I’ve read about this upside down house in sabah (literally translated as rumah terbalik) so when my sis-in-law tina suggested we visit it, I was game. I was curious.
apparently it’s the first upside down house in south east asia and is a complete house with all the rooms and every single furniture glued and bolted to the ceiling – from the heaviest item which is the classic sewing machine down to the few coins and ringgit malaysia lying on the ‘floor’.
at first sight, it was amazing. an upside down house! wow! what an idea! but soon you realize that THAT is just about it. no more than furniture and stuff glued and bolted to the ceiling to give that terbalik effect. that’s IT.
well, you could be amazed at how they bolted the heavy items, such as the car!
however, I would expect more traditional sabah items that are very local or used in the olden days in sabah – to give it a unique experience for tourists – but nope, the items are the usual stuff found in your own homes. kitchen cabinets, tv set, normal ikea bed haha, and toys you can find in jusco.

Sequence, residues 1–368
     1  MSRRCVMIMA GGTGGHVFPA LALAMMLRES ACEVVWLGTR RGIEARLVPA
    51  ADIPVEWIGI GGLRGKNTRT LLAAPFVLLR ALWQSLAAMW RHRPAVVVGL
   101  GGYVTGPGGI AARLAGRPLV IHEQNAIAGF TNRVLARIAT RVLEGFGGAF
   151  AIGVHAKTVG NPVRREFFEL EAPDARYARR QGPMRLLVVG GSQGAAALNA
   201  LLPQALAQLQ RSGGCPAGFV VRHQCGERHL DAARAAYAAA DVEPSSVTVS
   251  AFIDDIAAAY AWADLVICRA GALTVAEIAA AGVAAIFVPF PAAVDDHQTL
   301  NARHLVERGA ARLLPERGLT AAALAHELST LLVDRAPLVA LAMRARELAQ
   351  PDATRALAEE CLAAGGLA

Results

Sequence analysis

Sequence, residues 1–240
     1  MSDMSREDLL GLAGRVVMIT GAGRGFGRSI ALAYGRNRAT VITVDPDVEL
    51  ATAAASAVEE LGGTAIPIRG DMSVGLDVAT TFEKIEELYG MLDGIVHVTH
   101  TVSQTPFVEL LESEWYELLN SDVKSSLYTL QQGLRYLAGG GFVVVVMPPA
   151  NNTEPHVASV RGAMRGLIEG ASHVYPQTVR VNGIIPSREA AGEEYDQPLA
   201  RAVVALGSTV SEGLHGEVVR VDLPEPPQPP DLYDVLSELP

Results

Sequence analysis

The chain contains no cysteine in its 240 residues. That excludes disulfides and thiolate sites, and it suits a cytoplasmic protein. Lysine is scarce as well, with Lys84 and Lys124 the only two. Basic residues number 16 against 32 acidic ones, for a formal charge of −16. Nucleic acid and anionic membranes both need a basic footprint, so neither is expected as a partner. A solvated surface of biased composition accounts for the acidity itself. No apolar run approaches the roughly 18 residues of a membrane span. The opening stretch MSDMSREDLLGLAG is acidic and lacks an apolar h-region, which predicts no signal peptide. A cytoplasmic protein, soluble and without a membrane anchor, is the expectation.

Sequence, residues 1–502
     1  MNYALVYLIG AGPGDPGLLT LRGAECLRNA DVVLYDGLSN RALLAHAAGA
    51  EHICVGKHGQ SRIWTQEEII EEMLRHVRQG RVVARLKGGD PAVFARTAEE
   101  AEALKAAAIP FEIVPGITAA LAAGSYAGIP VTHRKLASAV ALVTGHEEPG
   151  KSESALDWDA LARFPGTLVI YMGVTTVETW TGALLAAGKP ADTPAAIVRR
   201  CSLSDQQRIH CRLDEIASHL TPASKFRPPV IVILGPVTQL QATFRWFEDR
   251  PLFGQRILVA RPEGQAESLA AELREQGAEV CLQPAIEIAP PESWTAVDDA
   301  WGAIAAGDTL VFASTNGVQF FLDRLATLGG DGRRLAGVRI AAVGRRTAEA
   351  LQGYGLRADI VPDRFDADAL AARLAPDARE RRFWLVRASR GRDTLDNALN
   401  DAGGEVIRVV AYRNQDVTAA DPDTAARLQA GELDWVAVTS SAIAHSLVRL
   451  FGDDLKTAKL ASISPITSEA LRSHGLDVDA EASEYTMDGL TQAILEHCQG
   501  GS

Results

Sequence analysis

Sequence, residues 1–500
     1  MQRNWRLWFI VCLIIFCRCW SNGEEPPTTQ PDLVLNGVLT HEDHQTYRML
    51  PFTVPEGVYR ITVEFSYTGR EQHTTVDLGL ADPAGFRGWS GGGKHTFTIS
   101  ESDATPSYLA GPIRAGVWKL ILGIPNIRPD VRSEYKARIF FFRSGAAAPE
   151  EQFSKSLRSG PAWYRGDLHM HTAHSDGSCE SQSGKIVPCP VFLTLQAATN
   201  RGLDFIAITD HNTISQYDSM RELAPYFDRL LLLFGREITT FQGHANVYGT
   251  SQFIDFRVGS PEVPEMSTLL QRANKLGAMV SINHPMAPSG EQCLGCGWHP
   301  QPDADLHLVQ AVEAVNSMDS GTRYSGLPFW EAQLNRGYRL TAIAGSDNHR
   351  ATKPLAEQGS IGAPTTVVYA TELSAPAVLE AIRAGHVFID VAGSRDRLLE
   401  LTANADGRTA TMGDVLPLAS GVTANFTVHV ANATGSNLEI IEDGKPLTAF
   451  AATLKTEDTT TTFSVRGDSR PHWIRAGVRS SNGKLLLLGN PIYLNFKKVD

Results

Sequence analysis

when you come here, and pay rm10 to enter, you better know that 1) you’re NOT allowed to take pictures inside the upside down house, and 2) inside the house, are normal furniture, electrical items you usually have in your house anyway. they’re just upside down.
only a small number of visitors are allowed inside the house at any one time. the house itself is not that big, and it’s easier for the tour guide to explain about the upside down house and be heard by everyone – but I’m sure it’s also easier for them to ‘control’ any itchy hands trying to take pictures inside. haha.
fyi, rm100 is the going rate for anyone caught taking pictures inside! per picture! ke rm50? a lot!
we were led by the tour guide towards the entrance of the house to a gong right by the door. one volunteer was asked to hit the gong 3 times before entering – a nice traditional touch. kudos. the guide was pleasant, fluent and spoke clearly. when we're about to enter, the tour guide explains how the house got upside down.
“there was a kid who was very naughty, until the he turned the house upside down. the end.”